For the past few months there has been significant action from state governments to address greenhouse gas emissions, and there is more action coming from the states and the Democrat-led House of Representatives.
Environmental groups, climate activists, and the elected officials who support their causes are working to reduce/phase down/eliminate greenhouse gases and one of their top targets are hydrofluorocarbon (HFC) refrigerants, like R410a.
R-22 is being eliminated because it is an ozone-depleting substance and, since the U.S. Senate ratified the Montreal Protocol on Substance that Deplete the Ozone Layer, the U.S. is obligated to follow an international phaseout schedule. The R-22 phaseout began in 2010, and although it is still being phased-out of the market, there are efforts underway to eliminate the use of R410a, which has a high global warming potential (GWP).
The phaseout of high GWP refrigerants began as an Obama Administration effort but was not (and is not likely) a priority for the Trump Administration. The Obama Administration’s goal was to adopt the Kigali Amendment to the Montreal Protocol, an international treaty that set the phasedown schedule of HFC refrigerants.
While the Kigali Amendment was a priority for former-President Obama, it was not a priority for the Republican-led Senate, which, constitutionally, ratifies treaties.
In the current political environment, there is little appetite in the Trump Administration and the Senate to consider the Kigali Amendment, which is widely viewed as a climate change treaty.
While it is widely viewed, in political terms, as a climate change issue, there is some support from policy makers because of the positive economic impact a national phase down schedule would have. Having the federal government create an HFC phase down schedule would ensure the phase down schedules are not done on a state-by-state basis (i.e. 50 different timelines), which could create a logistical nightmare for the industry, especially for contractors who work across state lines.
Because of inaction at the federal level for the past two years, state governments have passed or proposed legislation to phase out HFC refrigerants. And, when it’s related to climate issues, California takes the lead.
Indeed, California did just that. In August 2018, California Governor Jerry Brown signed the California Cooling Act which sets California on a course to cut HFC emissions by 40 percent by 2030.
Shortly after California enacted the California Cooling Act, New York, Connecticut, and Maryland followed with similar commitments. A number of other states, including Washington, Michigan, Wisconsin, Illinois, and others are following suit.
As we transition from HFCs, the next generation of refrigerants will include flammable or mildly-flammable products (ASHRAE Standard 34 designated A2L and A3 refrigerants). ACCA is concerned about this because there is little to no focus on flammable refrigerant training, transportation and safety protocols, consumer education, or quality installation practices.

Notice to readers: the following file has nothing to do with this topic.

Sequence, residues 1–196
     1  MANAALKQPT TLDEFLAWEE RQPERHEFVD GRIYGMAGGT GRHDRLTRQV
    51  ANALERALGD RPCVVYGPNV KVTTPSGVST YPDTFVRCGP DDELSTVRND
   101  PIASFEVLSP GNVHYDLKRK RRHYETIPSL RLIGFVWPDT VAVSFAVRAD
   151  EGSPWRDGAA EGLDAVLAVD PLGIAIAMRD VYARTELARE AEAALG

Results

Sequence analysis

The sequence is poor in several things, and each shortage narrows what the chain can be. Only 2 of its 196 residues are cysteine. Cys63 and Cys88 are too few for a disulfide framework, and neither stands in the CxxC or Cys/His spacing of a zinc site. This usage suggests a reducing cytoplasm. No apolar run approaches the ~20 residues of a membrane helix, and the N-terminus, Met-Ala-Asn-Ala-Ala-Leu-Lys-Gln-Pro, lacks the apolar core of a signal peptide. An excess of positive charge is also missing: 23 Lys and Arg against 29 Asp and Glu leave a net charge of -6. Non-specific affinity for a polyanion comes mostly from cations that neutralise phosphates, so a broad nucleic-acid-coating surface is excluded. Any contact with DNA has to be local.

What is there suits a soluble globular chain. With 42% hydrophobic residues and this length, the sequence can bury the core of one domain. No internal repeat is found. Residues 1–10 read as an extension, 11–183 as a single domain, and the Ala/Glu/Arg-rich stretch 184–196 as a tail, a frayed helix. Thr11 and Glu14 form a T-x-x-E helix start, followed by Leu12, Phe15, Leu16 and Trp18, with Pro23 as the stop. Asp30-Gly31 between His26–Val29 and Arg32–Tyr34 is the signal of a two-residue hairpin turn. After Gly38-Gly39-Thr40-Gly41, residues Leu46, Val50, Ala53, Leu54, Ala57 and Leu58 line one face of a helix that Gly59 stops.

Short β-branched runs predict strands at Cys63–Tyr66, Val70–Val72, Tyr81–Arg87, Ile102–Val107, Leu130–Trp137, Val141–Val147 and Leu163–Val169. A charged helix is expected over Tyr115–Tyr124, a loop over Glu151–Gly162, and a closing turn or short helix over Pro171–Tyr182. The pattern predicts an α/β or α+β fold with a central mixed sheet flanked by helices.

All of these issues need to be addressed before we bring the next generation of refrigerants into the market.
ACCA is developing flammable refrigerant training programs, with generous support from Arkema, Inc. — an ACCA corporate sponsor — but the rest of the industry needs to support these efforts to ensure the whole industry is moving forward together.
These refrigerant changes are several years away, but ACCA is concerned about them today because the codes, standards, and training must be in place before flammable refrigerants become the norm.
These issues can take 3-5 years to advance through the codes process and penetrate the market, and we need a whole-of-industry focus to ensure the training and consumer awareness are fully in the marketplace.
ACCA is educating policy makers about these issues, at the state and federal levels, and our efforts are more important than ever. Climate issues are going to be a priority for the next two years as scores of Democrats enter the race to be the 46th President of the United States.
The democratic platform in Congress and for presidential candidates will include efforts to rid the United States of greenhouse gas emissions, and our industry will be a prime target. In fact, the Democrat-led House has even created a Select Committee on the Climate Crisis which we expect to examine greenhouse issues.
Policy makers must understand the concerns about the next generation of refrigerants and that their efforts to phaseout HFC must not be done hastily. ACCA is advocating for a slow and methodical approach to these phaseouts so everyone is moving together and preparing consumers and contractors for these changes.
ACCA’s efforts are focused on a federal legislation that would give the EPA the authority to regulate the sale of new refrigerants. Currently, it’s unclear if the EPA has the authority to prohibit the sale of refrigerants that are non-ozone depleting. This could lead to the open-sale of refrigerants that are considered flammable.
If the industry and policy makers do not properly address these changes then there could be some serious injuries. We’ve already seen technicians killed from mixing refrigerants in Australia!
Because of inaction at the federal level for the past two years, state governments have passed or proposed legislation to phase out HFC refrigerants.
The HVACR industry is working diligently to make sure the transition to low-GWP refrigerants goes as smoothly as possible in the United States. Here's what you need to know.
There is increasing global activity to transition to more climate-friendly refrigerants to meet the growing demand.
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Final and proposed rulemaking accelerate refrigerant transition in U.S. commercial refrigeration